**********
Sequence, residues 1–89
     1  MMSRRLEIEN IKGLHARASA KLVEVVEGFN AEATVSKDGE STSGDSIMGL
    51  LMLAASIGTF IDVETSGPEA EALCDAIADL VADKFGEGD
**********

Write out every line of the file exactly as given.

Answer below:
Sequence, residues 1–89
     1  MMSRRLEIEN IKGLHARASA KLVEVVEGFN AEATVSKDGE STSGDSIMGL
    51  LMLAASIGTF IDVETSGPEA EALCDAIADL VADKFGEGD